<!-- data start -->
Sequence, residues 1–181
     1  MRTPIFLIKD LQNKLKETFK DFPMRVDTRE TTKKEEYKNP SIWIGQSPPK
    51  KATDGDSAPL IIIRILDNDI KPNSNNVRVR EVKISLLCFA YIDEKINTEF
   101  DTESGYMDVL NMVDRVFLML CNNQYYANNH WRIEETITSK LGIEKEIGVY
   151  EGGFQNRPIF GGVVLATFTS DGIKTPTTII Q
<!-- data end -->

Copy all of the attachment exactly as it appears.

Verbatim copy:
Sequence, residues 1–181
     1  MRTPIFLIKD LQNKLKETFK DFPMRVDTRE TTKKEEYKNP SIWIGQSPPK
    51  KATDGDSAPL IIIRILDNDI KPNSNNVRVR EVKISLLCFA YIDEKINTEF
   101  DTESGYMDVL NMVDRVFLML CNNQYYANNH WRIEETITSK LGIEKEIGVY
   151  EGGFQNRPIF GGVVLATFTS DGIKTPTTII Q